SEEKING NECTAR

CHIRP BATTLE AND HUM

The ruby-throated hummingbirds typically arrive in May and depart by October. And, for six glorious months of the year, they have my undivided attention as they visit the plants and perches on the patio.

The patio garden began with a plastic feeder, a potted plant and the hope to create a sanctuary for both bird and observer.

It now features multiple plastic nectar feeders, 6-10 salvia plants, 10-20 ‘other’ species of flowering annuals and a variety of perches for the birds to lord from.

Each container is numbered, placed in the same location each season and bird observations are duly recorded in a spreadsheet.

The ruby-throated hummingbirds appear to be fiercely independent, loners with little tolerance toward other birds appearing on the patio.

Yes, these tiny birds may perch on your finger while feeding on a flower, or, hover at your eye level ferociously chirping inches from your face.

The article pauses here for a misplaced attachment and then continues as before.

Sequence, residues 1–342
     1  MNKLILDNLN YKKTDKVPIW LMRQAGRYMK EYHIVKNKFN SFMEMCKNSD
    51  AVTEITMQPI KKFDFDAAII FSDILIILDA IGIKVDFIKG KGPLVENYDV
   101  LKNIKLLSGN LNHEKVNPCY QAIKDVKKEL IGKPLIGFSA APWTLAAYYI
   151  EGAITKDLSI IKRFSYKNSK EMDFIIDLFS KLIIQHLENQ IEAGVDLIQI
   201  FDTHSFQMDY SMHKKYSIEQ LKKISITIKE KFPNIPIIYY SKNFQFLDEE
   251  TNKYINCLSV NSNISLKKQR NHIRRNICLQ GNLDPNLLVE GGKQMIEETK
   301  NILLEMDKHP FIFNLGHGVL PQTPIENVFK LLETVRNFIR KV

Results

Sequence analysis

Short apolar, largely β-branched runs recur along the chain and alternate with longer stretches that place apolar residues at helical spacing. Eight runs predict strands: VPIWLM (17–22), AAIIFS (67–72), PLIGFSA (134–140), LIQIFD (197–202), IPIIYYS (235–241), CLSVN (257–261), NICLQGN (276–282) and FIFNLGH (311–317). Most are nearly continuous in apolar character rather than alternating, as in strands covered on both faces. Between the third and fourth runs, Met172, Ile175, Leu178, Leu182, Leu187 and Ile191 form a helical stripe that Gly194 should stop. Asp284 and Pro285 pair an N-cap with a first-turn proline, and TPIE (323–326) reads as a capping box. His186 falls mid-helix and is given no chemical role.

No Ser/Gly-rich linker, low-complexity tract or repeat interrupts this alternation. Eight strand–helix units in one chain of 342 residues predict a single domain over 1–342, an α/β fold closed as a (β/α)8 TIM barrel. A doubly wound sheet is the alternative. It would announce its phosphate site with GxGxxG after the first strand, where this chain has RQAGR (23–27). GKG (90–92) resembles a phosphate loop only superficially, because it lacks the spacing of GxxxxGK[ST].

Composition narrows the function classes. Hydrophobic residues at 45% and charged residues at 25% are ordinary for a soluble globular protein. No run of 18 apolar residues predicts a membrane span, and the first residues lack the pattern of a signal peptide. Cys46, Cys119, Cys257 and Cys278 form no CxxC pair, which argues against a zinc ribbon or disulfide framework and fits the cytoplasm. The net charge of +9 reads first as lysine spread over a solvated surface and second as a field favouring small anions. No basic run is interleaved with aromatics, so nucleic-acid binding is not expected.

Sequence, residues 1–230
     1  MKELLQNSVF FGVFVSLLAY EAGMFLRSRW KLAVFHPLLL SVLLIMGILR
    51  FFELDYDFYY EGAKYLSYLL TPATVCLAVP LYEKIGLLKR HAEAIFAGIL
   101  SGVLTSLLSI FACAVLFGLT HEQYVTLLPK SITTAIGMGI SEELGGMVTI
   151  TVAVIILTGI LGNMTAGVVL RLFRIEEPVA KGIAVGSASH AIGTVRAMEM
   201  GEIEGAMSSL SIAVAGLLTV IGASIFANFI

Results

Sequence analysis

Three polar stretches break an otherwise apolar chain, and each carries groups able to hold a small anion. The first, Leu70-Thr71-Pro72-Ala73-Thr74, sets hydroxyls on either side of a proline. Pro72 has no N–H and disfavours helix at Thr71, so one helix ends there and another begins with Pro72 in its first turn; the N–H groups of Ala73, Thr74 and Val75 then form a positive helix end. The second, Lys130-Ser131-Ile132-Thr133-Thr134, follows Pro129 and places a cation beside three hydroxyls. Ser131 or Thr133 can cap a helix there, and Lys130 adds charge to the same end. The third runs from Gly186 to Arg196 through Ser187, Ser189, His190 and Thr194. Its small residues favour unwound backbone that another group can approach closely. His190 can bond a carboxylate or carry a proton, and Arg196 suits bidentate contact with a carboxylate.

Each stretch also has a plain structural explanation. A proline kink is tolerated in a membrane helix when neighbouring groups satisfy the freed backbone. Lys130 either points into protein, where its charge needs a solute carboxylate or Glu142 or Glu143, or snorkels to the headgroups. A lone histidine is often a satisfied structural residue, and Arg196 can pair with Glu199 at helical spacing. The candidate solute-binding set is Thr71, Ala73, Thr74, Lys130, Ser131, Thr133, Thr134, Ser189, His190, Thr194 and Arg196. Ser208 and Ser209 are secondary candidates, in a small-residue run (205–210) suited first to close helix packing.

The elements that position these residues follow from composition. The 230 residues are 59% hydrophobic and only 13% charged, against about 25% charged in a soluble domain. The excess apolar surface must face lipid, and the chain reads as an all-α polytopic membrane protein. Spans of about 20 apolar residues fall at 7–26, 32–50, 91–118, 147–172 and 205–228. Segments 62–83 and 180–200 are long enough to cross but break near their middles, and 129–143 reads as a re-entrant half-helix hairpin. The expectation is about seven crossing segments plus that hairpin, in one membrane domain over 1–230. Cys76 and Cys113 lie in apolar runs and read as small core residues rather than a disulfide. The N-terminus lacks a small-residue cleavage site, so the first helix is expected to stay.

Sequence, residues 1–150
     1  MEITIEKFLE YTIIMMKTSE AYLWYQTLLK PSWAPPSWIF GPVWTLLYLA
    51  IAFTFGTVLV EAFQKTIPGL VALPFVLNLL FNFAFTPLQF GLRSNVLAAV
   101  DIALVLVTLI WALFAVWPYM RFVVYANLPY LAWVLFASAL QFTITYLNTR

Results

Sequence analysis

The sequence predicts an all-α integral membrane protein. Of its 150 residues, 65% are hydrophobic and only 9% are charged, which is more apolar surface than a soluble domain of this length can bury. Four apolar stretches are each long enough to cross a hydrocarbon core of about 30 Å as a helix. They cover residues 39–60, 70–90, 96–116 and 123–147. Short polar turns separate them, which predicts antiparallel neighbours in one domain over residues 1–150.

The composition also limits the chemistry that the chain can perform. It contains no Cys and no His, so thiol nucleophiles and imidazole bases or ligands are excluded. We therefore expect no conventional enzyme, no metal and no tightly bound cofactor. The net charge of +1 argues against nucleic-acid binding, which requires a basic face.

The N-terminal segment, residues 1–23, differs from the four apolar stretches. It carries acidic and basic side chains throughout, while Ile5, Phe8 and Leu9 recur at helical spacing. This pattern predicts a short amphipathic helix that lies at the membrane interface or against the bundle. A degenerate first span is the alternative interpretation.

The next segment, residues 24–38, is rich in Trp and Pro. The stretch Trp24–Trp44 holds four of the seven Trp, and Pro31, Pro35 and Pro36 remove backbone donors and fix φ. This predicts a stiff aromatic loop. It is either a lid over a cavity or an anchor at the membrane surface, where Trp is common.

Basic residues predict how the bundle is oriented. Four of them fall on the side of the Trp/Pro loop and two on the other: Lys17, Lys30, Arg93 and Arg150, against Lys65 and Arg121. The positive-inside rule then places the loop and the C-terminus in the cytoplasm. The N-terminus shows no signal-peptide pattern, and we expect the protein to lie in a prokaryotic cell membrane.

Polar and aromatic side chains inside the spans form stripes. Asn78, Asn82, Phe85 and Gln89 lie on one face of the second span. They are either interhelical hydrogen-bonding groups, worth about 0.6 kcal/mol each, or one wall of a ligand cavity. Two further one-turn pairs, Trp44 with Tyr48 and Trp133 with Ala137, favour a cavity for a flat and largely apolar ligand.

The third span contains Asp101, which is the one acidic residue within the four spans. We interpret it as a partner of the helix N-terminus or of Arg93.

They are the backyard bully bird I never knew I needed.

Ironically, it was while waiting to see a hummingbird, when a wasp’s curious behavior prompted the question, “Why is the wasp eating the wood chair”, that was the catalyst for Patio Life.

Now, a new question arose, “Do hummingbirds prefer feeders or flowers?” Since I like numbers, I hoped to find out.

After four seasons of observation, 8,000+ visits, the statistics have been analyzed and the question has been answered, at least on this patio.

Ruby-throated Hummingbird
Ruby-throated Hummingbird

PATIO LIFE

IF YOU PLANT IT – THEY WILL COME